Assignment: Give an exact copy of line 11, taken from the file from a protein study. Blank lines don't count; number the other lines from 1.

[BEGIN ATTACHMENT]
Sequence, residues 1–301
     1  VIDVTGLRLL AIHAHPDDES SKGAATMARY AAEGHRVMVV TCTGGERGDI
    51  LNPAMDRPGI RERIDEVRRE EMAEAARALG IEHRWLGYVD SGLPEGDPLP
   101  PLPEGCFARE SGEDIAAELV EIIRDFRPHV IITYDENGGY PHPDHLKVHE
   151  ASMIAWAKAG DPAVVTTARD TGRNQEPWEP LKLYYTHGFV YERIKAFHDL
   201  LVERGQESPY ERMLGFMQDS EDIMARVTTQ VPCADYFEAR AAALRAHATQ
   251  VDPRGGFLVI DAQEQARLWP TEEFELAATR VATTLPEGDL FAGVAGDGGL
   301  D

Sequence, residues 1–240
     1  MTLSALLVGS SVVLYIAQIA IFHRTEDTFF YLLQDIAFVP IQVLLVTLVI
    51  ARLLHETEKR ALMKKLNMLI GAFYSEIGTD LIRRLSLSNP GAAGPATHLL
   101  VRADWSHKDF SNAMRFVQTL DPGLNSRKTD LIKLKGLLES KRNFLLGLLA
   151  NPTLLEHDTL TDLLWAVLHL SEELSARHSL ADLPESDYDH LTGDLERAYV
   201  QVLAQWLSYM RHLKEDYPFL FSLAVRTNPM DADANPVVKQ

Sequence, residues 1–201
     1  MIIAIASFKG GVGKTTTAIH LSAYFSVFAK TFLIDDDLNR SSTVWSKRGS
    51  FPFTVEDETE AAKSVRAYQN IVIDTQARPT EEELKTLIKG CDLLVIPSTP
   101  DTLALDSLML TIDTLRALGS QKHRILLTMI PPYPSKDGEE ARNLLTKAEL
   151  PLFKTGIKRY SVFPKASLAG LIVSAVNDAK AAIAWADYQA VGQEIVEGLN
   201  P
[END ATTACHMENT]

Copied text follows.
    51  ARLLHETEKR ALMKKLNMLI GAFYSEIGTD LIRRLSLSNP GAAGPATHLL